Sunday, June 12, 2011

This is our government.

I am sure that I am not the only Canadian who took the events of May 2nd with a little bit of concern. When Stephen Harper and the Conservative Party of Canada made history, becoming the first majority Conservative government elected to power since the 80s, there was a sensation in the country. Not many people were happy it seemed.

But there was also a sigh. No more elections, for four years. Some stability. Certain stability. For four years.

A sigh of concern, or a sigh of relief?

I'm not going to complain about the government, or about how Canada needs to reorganize their electoral laws to be more representative of the population.

Instead I am going to make a note about the Conservative Party of Canada.

The CPC just finished their national convention, where they surely celebrated their recent victory and thought of ways that they could take this chance as a means of organizing how they are going to socially reconstruct society. Which is the ultimate result of any election - particularly those that result in a majority.

And we are on the chopping block, it seems.

Buried in this CBC News Report on the results of the convention is the following couple paragraphs:

...delegates passed a resolution saying the party supports the freedom of religious organizations to refuse to perform same-sex marriages or allow the use of their facilities for events incompatible with their faith and beliefs.

The resolution changed the wording of an existing party policy on gay marriage, which said the Conservative "government" supported legislation saying marriage is between one man and one woman, with delegates voting to change it to say the Conservative Party supports the move.

The resolutions set party policy but are not binding on the government.

Gay marriage has long been a thorn in the side of the party and an issue opposition parties have used to paint the Tories as behind the times. Canadian courts started the process of allowing gay marriage in 2003 and the Liberal government in 2005 passed a law making it legal.

Prime Minister Stephen Harper allowed a free vote on a motion whether to re-open the same-sex marriage debate in the House of Commons soon after the Conservatives took power in 2006. After the motion was defeated, Harper said he didn't want to revisit the issue.

But the ability of religious organizations to be able to say no to performing the ceremonies has been an irritant to the party's grassroots supporters.

It is important to note that party resolutions are not binding on government policy. Indeed, as the right to marry has been passed in the courts already as a Human Right (happening even before we had the legal right to marry, in 2003 rather than 2005), it would take a complete reshuffling of the Supreme Court of Canada in favour of Conservative seats. Which just happened.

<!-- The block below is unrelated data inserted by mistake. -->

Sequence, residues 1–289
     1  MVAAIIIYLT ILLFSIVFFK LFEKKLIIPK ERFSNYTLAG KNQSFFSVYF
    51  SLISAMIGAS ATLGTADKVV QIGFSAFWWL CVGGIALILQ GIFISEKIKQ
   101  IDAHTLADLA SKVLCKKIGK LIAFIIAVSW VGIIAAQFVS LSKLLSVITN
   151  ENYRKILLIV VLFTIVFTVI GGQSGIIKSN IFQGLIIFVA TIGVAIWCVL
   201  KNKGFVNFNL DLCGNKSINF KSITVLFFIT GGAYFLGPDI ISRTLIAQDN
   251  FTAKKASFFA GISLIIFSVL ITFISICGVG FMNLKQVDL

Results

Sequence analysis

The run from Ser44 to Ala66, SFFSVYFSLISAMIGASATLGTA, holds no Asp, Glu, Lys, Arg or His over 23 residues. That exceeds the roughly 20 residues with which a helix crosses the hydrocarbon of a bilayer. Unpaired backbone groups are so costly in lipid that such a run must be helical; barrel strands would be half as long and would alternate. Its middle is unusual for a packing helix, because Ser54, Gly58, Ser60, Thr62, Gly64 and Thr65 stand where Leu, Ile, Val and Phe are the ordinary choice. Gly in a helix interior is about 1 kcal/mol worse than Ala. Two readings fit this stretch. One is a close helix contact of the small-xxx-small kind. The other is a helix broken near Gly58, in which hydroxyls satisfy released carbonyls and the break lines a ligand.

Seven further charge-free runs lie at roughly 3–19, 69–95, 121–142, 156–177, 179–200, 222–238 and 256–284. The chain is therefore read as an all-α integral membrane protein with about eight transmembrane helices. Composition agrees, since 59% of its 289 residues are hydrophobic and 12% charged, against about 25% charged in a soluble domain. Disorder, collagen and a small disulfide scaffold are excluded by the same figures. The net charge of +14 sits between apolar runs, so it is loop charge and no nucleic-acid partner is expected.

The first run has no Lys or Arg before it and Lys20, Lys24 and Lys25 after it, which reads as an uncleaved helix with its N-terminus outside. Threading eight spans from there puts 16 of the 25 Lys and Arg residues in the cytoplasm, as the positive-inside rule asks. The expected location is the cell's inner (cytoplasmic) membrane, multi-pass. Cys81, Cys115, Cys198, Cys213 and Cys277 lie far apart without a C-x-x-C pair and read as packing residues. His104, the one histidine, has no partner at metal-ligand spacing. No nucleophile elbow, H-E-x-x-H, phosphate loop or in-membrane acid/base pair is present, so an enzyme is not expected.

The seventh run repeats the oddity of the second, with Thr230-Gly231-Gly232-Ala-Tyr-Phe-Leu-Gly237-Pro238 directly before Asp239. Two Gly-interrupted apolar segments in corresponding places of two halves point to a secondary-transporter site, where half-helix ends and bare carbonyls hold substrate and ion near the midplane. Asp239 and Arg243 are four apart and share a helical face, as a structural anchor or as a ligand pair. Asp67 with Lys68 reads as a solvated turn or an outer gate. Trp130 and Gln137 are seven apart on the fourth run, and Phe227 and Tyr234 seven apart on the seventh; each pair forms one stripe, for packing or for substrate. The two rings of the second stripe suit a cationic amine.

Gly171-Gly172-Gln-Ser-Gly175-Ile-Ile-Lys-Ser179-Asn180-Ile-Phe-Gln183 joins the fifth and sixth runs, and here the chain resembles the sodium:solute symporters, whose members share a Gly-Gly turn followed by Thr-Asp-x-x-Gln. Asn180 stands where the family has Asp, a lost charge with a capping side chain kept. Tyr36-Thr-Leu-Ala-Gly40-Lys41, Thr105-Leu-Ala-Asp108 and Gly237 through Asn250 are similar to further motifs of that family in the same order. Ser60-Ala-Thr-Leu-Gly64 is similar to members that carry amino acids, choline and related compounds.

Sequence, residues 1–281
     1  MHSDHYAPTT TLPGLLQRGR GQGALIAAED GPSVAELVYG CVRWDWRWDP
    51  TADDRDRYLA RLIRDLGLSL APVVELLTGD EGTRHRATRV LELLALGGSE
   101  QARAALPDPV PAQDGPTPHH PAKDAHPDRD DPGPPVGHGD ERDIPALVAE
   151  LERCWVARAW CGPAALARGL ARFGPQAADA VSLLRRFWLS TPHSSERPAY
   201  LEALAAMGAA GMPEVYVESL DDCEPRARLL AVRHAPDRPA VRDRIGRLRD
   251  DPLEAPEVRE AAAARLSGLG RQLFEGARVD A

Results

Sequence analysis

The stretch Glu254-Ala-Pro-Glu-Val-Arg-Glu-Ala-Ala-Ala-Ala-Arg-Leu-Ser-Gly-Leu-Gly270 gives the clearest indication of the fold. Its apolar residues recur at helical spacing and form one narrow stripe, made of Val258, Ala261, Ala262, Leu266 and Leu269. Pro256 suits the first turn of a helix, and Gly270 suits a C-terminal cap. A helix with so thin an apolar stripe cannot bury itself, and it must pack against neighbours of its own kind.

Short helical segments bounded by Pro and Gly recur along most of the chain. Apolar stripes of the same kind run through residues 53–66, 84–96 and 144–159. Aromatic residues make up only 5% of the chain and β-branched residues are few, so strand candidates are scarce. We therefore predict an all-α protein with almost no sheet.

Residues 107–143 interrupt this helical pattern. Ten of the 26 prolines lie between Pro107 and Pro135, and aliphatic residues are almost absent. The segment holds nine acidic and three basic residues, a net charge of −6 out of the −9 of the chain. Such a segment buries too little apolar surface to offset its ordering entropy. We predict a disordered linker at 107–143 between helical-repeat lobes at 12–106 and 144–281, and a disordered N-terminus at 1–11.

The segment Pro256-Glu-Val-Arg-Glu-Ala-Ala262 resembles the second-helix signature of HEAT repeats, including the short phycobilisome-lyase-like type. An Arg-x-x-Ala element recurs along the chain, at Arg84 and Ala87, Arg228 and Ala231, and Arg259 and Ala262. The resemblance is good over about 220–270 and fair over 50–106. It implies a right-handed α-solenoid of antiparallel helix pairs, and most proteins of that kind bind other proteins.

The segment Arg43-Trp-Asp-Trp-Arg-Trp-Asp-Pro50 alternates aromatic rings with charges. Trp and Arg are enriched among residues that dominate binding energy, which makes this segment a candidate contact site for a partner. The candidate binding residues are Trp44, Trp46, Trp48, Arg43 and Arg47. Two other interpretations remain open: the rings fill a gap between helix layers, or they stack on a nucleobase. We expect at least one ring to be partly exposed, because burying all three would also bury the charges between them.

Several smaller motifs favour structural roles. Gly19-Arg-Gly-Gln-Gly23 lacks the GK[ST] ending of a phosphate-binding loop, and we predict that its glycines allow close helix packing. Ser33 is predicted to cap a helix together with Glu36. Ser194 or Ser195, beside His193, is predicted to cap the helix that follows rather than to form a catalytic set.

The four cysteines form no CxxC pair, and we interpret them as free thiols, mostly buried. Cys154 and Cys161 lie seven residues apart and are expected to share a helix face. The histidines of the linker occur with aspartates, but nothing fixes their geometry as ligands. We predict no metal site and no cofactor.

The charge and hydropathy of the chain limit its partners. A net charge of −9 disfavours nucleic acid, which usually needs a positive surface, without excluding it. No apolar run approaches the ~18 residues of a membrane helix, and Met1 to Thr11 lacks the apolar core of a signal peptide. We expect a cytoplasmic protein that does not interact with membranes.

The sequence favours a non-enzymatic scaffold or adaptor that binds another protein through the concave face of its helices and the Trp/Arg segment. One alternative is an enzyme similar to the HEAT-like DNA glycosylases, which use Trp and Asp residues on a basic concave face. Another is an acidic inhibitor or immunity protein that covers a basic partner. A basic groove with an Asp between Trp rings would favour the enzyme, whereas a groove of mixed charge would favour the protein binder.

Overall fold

Still, I am not overly concerned. Unless Harper wins in 2015.

Regardless, we should make it clear to people - to our friends and family - that this party does not support us having the right to marry. I will be sure to tell my few conservative friends in the coming weeks that their party does not view my ability to love as equal or as legitimate as their own - and that this prejudice has been formalized in party documentation. I hope you do the same.

Knowing somebody who is gay only gets us so far - using our relationships to help people understand how we exist in the world gets us so much farther.

For example - earlier this week my farther told me that I had gotten a phone call from the Canadian Blood Services.

'They want your blood'
'No they don't.'
'They say that they do.'
'I can't give blood anymore.'
'Why not?'
(insert snarky tone suggesting that he should already know this)
'Because I'm gay, dad.'

Silence. (and it is not because he didn't know I was gay)

That changed how he understood my relationship with the world around me. And that is regarding my right to give blood, not my right to marry...


  1. So right now religious institutions and groups can't say no to hosting a gay wedding if it's against what they believe? It would seem a fair compromise, it would seem a fair separation of church and state.

  2. As of now, that is touchy ground. Generally, the answer is that they can - as it hearkens back to religious freedom. Stating it in party policy solidifies it.

    The upside is that the party has changed the wording of their former ideas - that the policy of supporting legislation where marriage is between one man and one woman is now policy for the party rather than the 'government'. I suppose we should note that this change is likely relatively beneficial - as the current CPC government does not have to reconsider the right of same-sex marriage as a result.

  3. ah, yeah I am a little hazy on how the gay marrige thing works out in up just over the border in Canada.

  4. I, too, am not at all happy with the majority Conservative government. The Canadian people made a grave mistake there, in part because of Harper's religious beliefs. I guess he's never heard of the separation of church and state, but, as far as I'm concerned, no leader of a diverse country like Canada should rule according to his personal religious beliefs. Shouldn't happen. Ever.
    On the issue of repealing our right to marry in any way, shape, or form, I don't see that happening. I think the right we've enjoyed for a number of years is embedded in our culture now, and Canadians, generally pretty passive, have seen the end of the world didn't come as a result. Believe me, a good many gay and lesbian people would be up in arms if they got wind the Harper government was going to take away this right.
    We can only go forwards, not backwards. Let's be sure of that.

  5. Let it be, I really don't want to intervene politics. And about gay marriage, I am neutral. Go with the flow..